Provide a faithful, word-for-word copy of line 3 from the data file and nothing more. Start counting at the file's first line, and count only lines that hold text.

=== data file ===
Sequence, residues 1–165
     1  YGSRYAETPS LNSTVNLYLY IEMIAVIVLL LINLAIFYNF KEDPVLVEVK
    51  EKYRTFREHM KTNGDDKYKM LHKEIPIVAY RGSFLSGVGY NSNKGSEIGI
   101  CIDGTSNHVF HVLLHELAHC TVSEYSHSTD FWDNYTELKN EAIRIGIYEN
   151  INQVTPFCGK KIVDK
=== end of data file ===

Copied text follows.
    51  EKYRTFREHM KTNGDDKYKM LHKEIPIVAY RGSFLSGVGY NSNKGSEIGI